I agree with BS about "legal realism", having spent about 3,000 hours in the University of Southern California's (USC) law library reading thousands of cases. I made BS's observation with regard to cases with "identical or almost identical facts". I learned judges can always "distinguish cases" on the facts. So? No two cases have "identical facts"; there is always something different. In two auto accident cases: one car was red, the other blue. So? A judge ignores another case for some reason, so says, "the case is distinguished on the facts". He states no reason. Arguably, Oliver Wendell Holmes (1841-1935) was the first legal realist (LR). The LR movement became significant at Yale and Columbia law schools in the 1930s. Some books worth reading to understand LR are: Courts on Trial, Frank, Jerome, 1949 and Woe Unto to You Lawyers, Roddell, Fred, 1939. An excellent law review article is: 10 Harvard Law Review 457, "The Path of the Law", (1897), Holmes. Look at Stoneridge. I doubt any of Stoneridge's stated reasons are its basis, which was: "enhance American capital markets" or some such thing. But our Supremes lack the intellectual integrity to say, "We are adopting Hank Paulson's policy". President Bush decries "judicial activism". What was Stoneridge, if not judges putting Bush's policy preferences into law?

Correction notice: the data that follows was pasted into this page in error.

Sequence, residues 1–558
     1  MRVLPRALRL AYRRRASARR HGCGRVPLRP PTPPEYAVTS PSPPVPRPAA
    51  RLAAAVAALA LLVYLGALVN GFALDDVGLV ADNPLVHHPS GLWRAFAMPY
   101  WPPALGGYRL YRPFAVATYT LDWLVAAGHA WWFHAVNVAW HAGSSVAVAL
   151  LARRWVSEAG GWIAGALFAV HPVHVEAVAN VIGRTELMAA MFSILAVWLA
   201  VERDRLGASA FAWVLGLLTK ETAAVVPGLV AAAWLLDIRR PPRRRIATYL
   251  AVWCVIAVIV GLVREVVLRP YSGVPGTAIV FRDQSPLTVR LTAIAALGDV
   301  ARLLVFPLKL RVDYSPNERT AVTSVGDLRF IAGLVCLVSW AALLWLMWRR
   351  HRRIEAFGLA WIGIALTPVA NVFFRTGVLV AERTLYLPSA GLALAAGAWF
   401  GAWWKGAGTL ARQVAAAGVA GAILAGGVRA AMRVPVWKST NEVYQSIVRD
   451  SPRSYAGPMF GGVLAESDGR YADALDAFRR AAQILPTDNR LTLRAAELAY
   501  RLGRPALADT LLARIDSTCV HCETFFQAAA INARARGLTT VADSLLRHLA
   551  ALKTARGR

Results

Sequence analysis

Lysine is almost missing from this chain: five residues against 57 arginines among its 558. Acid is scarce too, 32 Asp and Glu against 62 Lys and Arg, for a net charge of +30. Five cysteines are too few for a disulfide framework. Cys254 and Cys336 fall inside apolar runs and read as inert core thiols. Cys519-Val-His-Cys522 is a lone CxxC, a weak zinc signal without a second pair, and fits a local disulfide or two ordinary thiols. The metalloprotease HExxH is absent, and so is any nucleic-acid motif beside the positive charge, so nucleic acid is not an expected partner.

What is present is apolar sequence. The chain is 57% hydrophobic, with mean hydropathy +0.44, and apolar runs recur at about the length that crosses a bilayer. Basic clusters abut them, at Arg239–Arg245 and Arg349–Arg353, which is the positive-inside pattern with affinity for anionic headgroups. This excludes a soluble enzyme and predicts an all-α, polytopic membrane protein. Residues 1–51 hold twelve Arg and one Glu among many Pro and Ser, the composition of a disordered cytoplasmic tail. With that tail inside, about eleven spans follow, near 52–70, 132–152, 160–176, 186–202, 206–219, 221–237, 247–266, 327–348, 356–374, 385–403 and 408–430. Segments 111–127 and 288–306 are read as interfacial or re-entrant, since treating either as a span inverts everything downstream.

The balance of BS's article is about traders affecting markets. If interested, read Yves Smith's dissection of it at http://www.nakedcapitalism.com/, 27 January 2008.